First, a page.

GENseng brings family issues, Asian-American culture to center stage

The Department of Theater and Dance and Geneseo’s Asian American Performance Ensemble GENseng have put together a show that will resonate with the heart of everyone who sees it. Titled “The Wash,” the play will run in the Robert E. Sinclair Theater in Brodie Hall Thursday April 23–Friday April 24 at 7:30 p.m. and Saturday April 25 at 2 p.m. This production centers on the divorce of an older Asian-American couple. Everybody who watches this has a divorce in the family,” director and professor of theater Randy Kaplan said. “No matter what your ethnicity is, many people know this dance and can identify with it.”

Kaplan explained that she has wanted to do this play for a while. After meeting playwright Philip Kan Gotanda, she has since been “wait[ing] for the right cast to come along and do it.”

Kaplan emphasized that she inspired by the messages expressed in this play. “I like a lot of what it says about the woman’s role in the family and how that changes for a woman who is not young,” she said. “I really like the whole idea … that people over 60 have a life, and sometimes they have a sex life and romantic life.”

Sophomore Seung Kim—who plays Curley—noted that the play explores a multitude of topics beyond divorce. “The play covers marital and racial issues, specifically within the Asian American community, which isn’t really talked about otherwise.”

Senior Nathan Chou—who plays Nobu—said that he found the play to be very relevant. “One of the things I like about this is looking at the play, I was able to draw lots of parallels to people in my direct family on all sides of it—good things, bad things, [which] made it very humanizing for me,” he said.

There is a good amount of Japanese spoken in “The Wash.” It is unlikely that it will be much of a hindrance to the audience’s understanding of the play, however, as “the actors work very hard to act out what the meaning is,” according to Kaplan. In instances where acting out the meaning is too challenging for the actors, Kaplan added that the actors “make sure to say the word very loudly so you know you don’t understand it.”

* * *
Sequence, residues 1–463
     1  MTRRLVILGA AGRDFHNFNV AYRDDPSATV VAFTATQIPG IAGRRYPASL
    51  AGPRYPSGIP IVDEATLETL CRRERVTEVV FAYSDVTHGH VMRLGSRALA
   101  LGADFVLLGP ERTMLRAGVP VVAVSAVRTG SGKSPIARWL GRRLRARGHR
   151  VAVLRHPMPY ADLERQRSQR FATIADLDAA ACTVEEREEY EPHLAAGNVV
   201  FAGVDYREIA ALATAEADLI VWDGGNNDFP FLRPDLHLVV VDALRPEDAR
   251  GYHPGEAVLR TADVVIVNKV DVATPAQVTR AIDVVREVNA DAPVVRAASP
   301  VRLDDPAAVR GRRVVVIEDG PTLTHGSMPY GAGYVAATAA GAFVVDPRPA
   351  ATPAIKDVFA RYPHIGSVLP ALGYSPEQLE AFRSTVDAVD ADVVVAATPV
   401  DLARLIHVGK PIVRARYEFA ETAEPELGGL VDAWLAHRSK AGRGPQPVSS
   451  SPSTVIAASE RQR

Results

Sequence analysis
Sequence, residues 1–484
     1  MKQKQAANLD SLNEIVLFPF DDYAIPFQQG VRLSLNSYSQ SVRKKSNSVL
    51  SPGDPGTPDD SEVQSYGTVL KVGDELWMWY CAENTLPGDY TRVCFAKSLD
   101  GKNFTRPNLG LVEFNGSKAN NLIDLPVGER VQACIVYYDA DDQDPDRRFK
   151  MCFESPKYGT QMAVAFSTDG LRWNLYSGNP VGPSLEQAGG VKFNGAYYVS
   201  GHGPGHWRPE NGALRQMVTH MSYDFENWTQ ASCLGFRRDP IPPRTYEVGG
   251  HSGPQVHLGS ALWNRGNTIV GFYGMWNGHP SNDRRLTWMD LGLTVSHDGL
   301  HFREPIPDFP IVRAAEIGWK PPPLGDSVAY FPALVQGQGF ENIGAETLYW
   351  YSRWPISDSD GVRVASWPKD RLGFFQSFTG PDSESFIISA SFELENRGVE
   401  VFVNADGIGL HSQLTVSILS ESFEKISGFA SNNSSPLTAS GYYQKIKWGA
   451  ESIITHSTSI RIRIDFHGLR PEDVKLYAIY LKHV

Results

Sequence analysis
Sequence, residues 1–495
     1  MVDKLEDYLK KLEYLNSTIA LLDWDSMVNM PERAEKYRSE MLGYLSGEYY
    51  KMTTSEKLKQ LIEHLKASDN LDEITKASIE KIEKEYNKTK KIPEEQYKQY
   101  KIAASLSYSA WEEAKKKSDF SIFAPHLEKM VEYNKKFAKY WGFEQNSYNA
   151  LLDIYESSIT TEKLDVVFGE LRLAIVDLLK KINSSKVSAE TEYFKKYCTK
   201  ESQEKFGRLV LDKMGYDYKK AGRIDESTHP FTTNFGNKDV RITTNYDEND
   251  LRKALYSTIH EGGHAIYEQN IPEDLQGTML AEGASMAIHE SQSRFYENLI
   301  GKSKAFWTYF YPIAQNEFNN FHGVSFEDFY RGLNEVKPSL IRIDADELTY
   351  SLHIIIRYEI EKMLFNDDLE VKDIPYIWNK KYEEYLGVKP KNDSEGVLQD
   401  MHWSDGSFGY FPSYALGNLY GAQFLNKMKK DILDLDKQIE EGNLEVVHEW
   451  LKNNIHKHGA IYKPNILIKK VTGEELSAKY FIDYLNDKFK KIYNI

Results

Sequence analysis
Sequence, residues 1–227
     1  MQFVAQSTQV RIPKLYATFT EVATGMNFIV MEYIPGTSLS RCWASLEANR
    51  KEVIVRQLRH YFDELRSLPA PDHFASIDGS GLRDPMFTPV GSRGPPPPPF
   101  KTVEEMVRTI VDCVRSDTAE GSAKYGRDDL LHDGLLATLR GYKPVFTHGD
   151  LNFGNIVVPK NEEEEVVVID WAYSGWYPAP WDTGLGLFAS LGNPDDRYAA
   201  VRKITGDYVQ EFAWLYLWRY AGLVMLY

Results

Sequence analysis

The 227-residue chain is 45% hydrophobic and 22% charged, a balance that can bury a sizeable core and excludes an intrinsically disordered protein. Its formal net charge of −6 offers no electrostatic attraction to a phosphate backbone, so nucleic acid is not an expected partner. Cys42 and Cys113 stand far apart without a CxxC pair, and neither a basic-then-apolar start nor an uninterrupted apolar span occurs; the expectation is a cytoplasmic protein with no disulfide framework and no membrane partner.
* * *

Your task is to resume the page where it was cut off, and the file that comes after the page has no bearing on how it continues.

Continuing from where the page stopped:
Although there are many Japanese phrases tossed around in the production, the palpable moments of silence are what really contributed to the play’s intensity. The lack of sound makes viewers think as they watch and interpret the actions of the actors.

Sophomore Wendy-Marie Aylward—who plays Masi—admitted the silences were an obstacle for her. “There’s a lot that’s not talked about, so it was hard to create that running monologue in my head when I’m thinking of the character and letting that influence my actions and motivate my words without saying what I really want to say,” she said. While the characters may not physically be speaking, their actions say a lot.

Besides the acting experience, GENseng actors in “The Wash” were granted a very unique opportunity. “We have a personal relationship with all of our playwrights,” Kaplan said. Whenever actors needed extra input on their character’s lines or actions, they could reach out to the playwright himself. “Phil [Kan Gotanda] was very available to us via email,” she explained. “All of our GENseng playwrights––if they’re living––guide us day by day.”

Watching the characters in “The Wash” suffer loss and turmoil in the midst of a divorce can’t help but create poignant emotion within the audience. The young actors in “The Wash” portrayed much older characters—and they still nailed it.